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Mississippi Roads and Bridges Could Be Fixed Under DRIVE Act Passed by Senate

WASHINGTON, D.C.–The roads and bridges you drive on are not in great shape, but a six-year transportation bill passed in DC Thursday may mean the money to help fix them will be there. The Developing a Reliable and Innovative Vision for the Economy (DRIVE) Act, passed 65-34, with both Mississippi senators voting in favor.

The bill still has to pass the U.S. House to become law.

Twenty one percent of the bridges in Mississippi are considered structurally deficient or functionally obsolete.

“This multi-year transportation bill is an important step toward giving Mississippi and all states certainty and resources to be aggressive in fixing highways, bridges and other infrastructure.  Our economic competiveness relies on improving the effectiveness and safety of America’s infrastructure,” said Sen. Thad Cochran (R), chairman of the Senate Appropriations Committee.

Cochran said the bill, being a six-year plan, is a step up from the temporary patches and fixes that have funded highways since 2009.

The Highway Trust Fund is set to run out of money on July 31. A three-month funding extension was approved by Congress Thursday to ensure the fund will continue to operate, allowing the House of Representatives time to take action on the long-term highway plan.

“For years, Washington has failed to provide certainty to states and communities with regard to a long-term infrastructure plan,” said Sen. Roger Wicker (R). “That inaction has taken its toll on the nation’s highways. In Mississippi, for example, nearly a quarter of our roads are in ‘poor condition.’ The bill that passed the Senate today is not perfect, but it would help clear the backlog of many stalled bridge and highway projects necessary for economic growth and commerce.”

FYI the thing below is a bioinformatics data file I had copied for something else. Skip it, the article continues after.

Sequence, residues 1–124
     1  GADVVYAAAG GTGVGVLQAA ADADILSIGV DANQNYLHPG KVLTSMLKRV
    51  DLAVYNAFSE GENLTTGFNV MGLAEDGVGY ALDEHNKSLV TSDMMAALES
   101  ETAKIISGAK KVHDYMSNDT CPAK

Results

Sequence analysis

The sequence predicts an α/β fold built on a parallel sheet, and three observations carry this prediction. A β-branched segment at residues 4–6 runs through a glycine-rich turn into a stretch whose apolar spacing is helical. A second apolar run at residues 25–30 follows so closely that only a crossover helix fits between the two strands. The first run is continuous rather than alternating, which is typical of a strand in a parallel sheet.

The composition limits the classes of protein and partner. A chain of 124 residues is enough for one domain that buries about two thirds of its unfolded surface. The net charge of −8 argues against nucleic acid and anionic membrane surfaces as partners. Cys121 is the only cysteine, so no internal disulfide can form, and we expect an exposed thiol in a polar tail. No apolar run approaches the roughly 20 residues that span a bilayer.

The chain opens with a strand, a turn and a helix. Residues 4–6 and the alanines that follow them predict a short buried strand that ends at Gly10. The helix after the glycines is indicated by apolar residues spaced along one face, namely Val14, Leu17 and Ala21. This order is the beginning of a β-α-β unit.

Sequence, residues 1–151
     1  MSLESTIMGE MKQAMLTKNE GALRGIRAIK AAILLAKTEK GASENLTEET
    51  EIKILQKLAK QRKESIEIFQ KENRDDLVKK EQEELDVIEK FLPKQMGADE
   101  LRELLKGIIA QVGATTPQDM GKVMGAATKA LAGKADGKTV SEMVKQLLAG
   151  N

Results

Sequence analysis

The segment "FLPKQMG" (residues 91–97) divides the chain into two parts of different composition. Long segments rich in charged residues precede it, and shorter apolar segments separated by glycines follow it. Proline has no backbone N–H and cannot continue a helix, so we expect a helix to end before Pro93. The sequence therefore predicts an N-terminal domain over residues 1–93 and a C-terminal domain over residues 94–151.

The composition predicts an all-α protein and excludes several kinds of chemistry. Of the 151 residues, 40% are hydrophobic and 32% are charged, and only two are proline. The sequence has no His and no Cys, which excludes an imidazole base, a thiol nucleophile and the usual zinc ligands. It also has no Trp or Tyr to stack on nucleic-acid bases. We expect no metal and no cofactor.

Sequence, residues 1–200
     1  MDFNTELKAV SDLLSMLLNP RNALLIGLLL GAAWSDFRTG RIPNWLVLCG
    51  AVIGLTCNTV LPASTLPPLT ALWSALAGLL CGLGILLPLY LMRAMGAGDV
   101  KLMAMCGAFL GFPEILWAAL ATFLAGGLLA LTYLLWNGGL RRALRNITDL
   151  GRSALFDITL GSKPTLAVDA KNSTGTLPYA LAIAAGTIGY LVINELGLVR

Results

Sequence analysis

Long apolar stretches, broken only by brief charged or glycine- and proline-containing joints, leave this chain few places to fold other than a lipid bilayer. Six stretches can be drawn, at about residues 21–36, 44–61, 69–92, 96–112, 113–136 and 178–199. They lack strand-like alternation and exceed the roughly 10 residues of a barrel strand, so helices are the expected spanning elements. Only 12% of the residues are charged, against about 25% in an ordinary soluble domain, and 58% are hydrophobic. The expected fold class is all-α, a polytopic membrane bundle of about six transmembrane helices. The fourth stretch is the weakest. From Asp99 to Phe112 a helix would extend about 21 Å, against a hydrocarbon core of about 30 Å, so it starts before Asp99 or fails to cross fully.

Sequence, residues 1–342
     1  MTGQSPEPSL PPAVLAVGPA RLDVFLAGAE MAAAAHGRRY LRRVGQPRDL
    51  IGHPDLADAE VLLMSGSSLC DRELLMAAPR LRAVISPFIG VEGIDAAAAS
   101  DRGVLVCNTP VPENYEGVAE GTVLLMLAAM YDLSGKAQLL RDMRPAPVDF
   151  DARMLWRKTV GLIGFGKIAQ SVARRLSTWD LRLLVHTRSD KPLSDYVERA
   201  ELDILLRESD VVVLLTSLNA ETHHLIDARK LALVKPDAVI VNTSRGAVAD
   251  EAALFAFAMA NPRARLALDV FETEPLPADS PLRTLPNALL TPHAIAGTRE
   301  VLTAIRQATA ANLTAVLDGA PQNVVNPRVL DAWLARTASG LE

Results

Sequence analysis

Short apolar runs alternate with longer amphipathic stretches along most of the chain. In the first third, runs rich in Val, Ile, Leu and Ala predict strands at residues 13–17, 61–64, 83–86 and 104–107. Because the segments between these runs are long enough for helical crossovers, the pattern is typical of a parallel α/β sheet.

The DRIVE Act would reauthorize the federal aid highway program through 2022 with a formula-based program schedule that is expected to increase annual payments to states.  The bill also establishes a formula-based program that would allow states to designate key freight corridors to improve the movement of goods beyond the primary highway freight system.  The measure includes guaranteed funding for the next three years—funding that is fully offset without raising taxes or increasing the deficit.

Additionally, the measure strengthens policies to make the National Environmental Protection Act (NEPA) process for infrastructure projects more efficient and less burdensome on states.  NEPA compliance requirements currently cause significant delay and added costs to project costs.

An amendment authored by Wicker in the bill would allow local governments and metropolitan planning organizations to receive grants under the Technology and Innovation Deployment Program.

An additional part, authored by Wicker, would require the National Automotive Sampling System to collect car crash data when a child restraint system was in use during the crash. It would allow the American Academy of Pediatrics and local law enforcement to collect this data to help determine if any injuries or fatalities occur when the children are in a 5-point harness recommended by the American Academy of Pediatrics.

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